WE HAVE ONLY BEGUN TO TAP INTO DESIGN’S REAL POTENTIAL TO SERVE AS A TOOL FOR POLICYMAKING, GOVERNANCE, AND SOCIAL AGENDAS
Design is an inescapable dimension of human activity. To adapt one of my favorite quotes by Reyner Banham, like the weather it is always there, but we speak about it only when it is exceptionally bad or exceptionally good. Design is also a powerful political tool, as pharaohs, queens, presidents, and dictators throughout history have taught us. It comes not only in very visible and traditional applications—in the national identities expressed by currencies, symbols, monuments, and public buildings—but also in less apparent and yet equally momentous applications such as the design of complex systems, ranging from territorial infrastructures to the planning of new communities, and the translation of technological and social innovation for the use of the population.
Design has been a mighty governing tool and an instrument of power for all those regimes that have known how to recognize and use it. Iconic examples of design’s alchemy with politics abound, from the Egyptian pyramids to the transformation of Paris by Baron Georges-Eugène Haussmann under Napoleon III at the end of the 19th century and by President François Mitterand in the 1980s; from the sinister and incisive branding and the tragic racial redesign determination of the Nazi party, to the creation of a new populist capital for Brazil in the 60s—desired by a conservative president, inspired by the dream of an Italian Catholic saint, and planned by a socialist architect and a communist urban planner.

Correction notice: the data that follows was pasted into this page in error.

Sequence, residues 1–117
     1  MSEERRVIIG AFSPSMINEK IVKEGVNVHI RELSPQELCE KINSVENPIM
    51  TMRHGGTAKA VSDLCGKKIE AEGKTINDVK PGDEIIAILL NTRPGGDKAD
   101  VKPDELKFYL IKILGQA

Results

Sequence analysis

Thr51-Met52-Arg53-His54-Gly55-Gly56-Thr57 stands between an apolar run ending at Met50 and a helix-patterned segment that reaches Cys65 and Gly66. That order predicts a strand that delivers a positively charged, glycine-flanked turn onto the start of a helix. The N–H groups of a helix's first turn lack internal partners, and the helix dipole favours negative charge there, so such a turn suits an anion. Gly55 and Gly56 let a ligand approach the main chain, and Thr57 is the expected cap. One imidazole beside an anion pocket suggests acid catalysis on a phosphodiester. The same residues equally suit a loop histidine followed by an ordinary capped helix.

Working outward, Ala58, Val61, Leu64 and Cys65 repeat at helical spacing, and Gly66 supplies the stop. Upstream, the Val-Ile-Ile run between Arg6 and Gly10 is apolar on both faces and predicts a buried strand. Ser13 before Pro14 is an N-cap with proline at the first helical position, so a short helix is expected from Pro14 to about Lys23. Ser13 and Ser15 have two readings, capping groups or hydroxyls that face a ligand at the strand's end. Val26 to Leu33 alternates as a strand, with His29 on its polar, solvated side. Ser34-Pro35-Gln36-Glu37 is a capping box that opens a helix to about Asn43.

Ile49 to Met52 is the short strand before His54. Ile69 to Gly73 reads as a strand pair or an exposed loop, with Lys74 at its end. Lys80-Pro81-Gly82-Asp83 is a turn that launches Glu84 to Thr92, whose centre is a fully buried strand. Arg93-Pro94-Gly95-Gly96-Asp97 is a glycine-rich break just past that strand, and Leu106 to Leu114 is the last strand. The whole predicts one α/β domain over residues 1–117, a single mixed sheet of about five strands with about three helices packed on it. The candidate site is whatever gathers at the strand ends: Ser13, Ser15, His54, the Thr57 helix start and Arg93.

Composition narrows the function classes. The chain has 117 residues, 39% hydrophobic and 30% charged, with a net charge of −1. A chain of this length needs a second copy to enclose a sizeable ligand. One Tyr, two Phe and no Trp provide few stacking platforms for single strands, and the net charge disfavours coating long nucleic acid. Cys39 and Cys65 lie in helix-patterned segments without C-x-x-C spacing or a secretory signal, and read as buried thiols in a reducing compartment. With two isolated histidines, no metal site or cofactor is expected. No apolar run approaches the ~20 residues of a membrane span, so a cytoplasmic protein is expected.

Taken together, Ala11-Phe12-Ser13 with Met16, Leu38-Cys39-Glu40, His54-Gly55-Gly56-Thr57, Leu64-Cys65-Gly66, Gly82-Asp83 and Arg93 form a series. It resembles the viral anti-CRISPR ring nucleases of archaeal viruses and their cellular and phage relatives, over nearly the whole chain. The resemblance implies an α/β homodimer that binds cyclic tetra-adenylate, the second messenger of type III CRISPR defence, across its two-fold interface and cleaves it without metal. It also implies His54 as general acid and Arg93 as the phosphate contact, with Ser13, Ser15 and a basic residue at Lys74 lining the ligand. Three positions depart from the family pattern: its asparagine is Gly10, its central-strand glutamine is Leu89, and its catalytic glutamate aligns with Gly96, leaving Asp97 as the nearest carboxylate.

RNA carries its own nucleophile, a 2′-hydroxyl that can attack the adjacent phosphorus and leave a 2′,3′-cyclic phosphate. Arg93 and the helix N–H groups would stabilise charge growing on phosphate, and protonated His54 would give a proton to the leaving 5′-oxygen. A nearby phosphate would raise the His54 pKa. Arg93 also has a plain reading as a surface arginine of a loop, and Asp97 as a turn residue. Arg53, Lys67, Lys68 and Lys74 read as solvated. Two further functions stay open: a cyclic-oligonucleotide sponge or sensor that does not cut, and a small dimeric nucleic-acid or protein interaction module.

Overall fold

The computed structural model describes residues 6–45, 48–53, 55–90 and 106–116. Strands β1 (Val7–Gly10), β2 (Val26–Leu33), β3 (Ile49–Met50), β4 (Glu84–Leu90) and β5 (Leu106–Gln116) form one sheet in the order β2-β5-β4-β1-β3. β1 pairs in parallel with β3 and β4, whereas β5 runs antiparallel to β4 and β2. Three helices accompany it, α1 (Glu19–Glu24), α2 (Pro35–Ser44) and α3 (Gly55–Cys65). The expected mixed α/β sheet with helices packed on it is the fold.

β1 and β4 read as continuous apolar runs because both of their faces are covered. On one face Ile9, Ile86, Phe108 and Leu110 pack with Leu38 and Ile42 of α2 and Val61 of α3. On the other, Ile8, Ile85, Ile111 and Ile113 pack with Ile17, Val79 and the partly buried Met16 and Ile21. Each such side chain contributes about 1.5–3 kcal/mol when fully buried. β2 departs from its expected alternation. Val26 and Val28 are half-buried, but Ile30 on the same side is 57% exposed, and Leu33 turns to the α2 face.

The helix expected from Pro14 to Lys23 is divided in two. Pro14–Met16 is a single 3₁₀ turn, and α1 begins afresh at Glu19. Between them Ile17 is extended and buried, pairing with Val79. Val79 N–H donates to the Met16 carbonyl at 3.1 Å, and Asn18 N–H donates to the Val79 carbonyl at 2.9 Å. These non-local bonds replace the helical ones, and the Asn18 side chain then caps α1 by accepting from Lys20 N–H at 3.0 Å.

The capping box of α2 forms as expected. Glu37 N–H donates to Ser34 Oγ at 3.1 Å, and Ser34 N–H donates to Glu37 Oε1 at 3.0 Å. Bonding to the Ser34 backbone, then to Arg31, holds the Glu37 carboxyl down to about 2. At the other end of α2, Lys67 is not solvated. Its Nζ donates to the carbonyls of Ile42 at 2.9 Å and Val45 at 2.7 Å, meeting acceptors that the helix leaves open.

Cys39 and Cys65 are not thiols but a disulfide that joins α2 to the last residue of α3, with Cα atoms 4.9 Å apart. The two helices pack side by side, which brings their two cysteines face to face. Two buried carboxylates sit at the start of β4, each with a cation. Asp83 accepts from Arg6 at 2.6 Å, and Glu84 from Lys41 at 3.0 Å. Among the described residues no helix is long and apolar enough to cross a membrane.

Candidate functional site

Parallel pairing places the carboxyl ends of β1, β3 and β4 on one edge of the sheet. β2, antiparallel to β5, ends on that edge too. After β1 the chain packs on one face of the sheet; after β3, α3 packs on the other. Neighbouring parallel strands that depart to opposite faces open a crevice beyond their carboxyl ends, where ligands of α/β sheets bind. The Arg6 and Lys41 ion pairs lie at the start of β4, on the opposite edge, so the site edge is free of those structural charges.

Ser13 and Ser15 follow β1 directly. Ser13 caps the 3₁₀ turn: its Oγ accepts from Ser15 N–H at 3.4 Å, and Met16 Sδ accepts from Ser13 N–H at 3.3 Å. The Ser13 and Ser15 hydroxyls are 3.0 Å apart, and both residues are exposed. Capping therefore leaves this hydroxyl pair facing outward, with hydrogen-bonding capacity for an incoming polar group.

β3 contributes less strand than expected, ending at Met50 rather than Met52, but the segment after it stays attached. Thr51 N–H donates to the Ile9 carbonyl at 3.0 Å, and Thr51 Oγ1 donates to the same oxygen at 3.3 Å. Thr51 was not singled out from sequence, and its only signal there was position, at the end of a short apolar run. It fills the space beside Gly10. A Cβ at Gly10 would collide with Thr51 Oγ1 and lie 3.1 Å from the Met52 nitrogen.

Totalitarian regimes in which the decisional power is extremely concentrated and not subject to public accountability—the goals are set and clear, at least to the governing body, and the means are all under the same agents’ control—tend to have not only a keen sense of style, which they often use for propaganda and persuasion, but often also a keen instinct for the usefulness of design as a method and process to achieve their objectives. More complicated and compelling, however, is the relationship between design and democracy. Since democracy is by definition pluralistic, inclusive, universal, and popular, and decisions too often happen by committee, many democratic societies do not display a consistent design philosophy.
The few that do have learned to rely on design at all different scales, from the stamp to the city, with visible and exemplary results. The democratic approach to design seems to have worked very well in many Scandinavian countries, where every issue is attacked as a systemic, social design project. The Netherlands, a country born out of the design act of engineering land reclaimed from the sea, and a state that has often been its designers’ best client, stands out as a champion of this attitude. A new foundation called Design Den Haag 2010–2018 has set out to explore the “relation between Design and Government in Europe within an international context, from cultural, economic, and social viewpoints.” It will organize a cycle of events, one every other year in collaboration with different cities in Europe, and will in 2018 submit a detailed report to the European Union with suggestions for future protocols of collaboration. The scale and elegance of the case studies that have already been published show the scope of the integration of design within a government agenda.
- 86 Electrifying Wallpaper Designs – From 3D Walls to Thought Bubble Decor (CLUSTER) (trendhunter.com)
- Utopian Cities (quazen.com)